Subsidies

The Hobbit Got a Cool $120 Million in Subsidies From New Zealand

Because Warner Bros. could never foot the bill itself, right?

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The much-anticipated first film of "The Hobbit" trilogy has its U.S. premiere on Dec. 14. If the series matches the performance of "The Lord of the Rings" trilogy, it will gross about $3 billion.

So how much taxpayer money, would you guess, did Warner Bros. Entertainment Inc. need to produce the films based on the J.R.R. Tolkien book? The answer is zero. The studios are investment companies, and the films are almost certain to be immensely profitable.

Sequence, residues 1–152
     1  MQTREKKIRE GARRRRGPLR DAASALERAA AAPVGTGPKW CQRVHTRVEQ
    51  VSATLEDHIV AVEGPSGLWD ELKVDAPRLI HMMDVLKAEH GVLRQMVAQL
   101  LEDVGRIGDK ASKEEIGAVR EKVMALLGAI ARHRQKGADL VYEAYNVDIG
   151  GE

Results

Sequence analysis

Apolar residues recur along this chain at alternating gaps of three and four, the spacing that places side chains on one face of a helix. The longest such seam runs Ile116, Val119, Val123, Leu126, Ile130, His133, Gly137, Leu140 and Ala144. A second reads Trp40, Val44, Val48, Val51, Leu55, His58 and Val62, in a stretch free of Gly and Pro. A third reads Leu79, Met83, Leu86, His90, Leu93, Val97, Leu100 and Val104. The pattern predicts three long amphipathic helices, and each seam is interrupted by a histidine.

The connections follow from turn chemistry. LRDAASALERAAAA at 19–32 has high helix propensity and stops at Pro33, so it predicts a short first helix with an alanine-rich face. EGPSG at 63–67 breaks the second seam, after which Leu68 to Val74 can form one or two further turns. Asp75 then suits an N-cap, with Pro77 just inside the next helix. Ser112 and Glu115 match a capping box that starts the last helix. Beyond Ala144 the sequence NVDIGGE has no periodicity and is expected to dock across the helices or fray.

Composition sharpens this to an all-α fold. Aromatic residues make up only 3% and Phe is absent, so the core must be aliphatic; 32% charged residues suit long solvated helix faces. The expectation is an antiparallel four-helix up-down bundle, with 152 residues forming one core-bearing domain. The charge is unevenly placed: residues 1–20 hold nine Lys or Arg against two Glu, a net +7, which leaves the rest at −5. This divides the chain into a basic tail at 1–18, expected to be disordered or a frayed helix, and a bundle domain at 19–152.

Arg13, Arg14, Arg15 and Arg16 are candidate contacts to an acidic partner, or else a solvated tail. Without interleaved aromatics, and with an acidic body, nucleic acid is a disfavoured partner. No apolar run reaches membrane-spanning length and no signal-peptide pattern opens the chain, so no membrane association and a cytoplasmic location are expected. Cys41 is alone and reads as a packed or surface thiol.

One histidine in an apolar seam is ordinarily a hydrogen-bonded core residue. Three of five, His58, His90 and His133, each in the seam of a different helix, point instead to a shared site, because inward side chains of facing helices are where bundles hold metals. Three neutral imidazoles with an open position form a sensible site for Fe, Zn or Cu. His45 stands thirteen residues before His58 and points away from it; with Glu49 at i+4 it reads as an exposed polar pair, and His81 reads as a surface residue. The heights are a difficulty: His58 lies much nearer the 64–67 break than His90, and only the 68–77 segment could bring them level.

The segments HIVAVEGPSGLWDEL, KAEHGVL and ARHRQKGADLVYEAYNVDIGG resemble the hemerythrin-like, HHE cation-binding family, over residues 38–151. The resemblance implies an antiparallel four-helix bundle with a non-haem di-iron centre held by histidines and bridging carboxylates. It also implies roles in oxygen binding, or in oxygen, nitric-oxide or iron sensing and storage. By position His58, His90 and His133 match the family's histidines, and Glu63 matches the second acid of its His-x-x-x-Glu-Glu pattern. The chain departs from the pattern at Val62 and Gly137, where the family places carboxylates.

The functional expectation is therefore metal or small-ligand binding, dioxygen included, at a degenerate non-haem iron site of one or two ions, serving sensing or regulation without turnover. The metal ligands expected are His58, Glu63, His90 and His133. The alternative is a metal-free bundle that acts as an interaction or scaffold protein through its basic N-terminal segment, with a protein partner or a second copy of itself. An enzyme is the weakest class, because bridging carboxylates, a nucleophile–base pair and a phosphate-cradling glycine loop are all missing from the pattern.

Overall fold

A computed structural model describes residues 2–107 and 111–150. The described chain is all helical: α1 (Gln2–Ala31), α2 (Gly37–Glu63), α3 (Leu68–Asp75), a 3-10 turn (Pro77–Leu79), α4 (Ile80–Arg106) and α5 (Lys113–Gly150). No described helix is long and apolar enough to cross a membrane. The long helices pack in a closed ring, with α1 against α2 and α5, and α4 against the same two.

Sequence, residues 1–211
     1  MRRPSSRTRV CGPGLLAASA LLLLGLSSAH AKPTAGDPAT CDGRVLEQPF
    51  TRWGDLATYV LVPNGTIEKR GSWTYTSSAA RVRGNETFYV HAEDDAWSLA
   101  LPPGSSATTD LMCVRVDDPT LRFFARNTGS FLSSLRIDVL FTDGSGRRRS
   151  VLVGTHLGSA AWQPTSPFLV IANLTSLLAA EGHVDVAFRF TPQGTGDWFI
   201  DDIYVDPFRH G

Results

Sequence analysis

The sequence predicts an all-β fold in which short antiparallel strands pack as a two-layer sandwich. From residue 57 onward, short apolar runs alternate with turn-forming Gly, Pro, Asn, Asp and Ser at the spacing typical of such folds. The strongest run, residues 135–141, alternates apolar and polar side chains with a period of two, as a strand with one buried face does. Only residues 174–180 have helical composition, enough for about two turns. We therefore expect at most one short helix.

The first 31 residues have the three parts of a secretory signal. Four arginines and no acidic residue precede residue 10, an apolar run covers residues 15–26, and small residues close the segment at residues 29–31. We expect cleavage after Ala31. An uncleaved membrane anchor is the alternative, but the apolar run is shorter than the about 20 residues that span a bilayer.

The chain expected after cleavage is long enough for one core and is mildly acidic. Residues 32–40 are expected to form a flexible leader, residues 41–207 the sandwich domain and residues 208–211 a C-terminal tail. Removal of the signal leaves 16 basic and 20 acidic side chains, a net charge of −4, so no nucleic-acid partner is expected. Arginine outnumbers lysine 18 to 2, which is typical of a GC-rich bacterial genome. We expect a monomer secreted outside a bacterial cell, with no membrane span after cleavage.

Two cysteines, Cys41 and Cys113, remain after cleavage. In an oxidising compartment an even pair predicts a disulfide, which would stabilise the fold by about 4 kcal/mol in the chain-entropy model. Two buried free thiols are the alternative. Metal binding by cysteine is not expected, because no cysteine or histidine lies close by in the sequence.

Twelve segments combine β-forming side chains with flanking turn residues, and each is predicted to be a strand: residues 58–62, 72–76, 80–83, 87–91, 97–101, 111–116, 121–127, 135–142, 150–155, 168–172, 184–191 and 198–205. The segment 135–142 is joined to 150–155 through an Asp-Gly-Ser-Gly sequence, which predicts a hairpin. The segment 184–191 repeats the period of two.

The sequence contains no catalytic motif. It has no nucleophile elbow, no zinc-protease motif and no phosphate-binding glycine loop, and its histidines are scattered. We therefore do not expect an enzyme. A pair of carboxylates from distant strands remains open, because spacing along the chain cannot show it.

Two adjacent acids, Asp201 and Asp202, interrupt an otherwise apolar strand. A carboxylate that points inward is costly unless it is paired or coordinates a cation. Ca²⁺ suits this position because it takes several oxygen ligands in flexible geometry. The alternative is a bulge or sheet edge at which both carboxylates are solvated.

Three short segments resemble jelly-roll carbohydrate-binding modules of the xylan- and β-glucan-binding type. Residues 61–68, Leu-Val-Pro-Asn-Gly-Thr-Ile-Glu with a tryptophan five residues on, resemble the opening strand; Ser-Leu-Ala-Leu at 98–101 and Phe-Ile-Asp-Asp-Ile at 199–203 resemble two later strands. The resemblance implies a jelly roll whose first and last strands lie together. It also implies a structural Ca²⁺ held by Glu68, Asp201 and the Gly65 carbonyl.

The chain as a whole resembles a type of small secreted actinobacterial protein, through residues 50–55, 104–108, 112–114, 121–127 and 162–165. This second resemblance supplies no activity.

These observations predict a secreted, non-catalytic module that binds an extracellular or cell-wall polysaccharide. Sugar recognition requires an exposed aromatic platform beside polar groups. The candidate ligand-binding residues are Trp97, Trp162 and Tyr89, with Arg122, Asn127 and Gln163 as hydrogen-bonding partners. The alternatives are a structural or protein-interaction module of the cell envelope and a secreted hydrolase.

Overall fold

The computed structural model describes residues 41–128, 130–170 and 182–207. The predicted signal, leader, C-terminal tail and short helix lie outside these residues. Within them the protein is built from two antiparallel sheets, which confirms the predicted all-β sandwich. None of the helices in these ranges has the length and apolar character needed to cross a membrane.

But now you aren't thinking like a studio. The real question is: How much taxpayer money can Warner Bros. demand from the government of New Zealand to keep production there (rather than, say, in Australia or the Czech Republic)? That answer turns out to be about $120 million, plus the revision of New Zealand's labor laws to forbid collective bargaining among film-production contractors, plus the passage of three-strikes Internet-disconnection laws for online copyright infringement, plus enthusiastic and, it turns out, illegal cooperation in the shutdown of the pirate-friendly digital storage site Megaupload and the arrest of its owner, Kim Dotcom.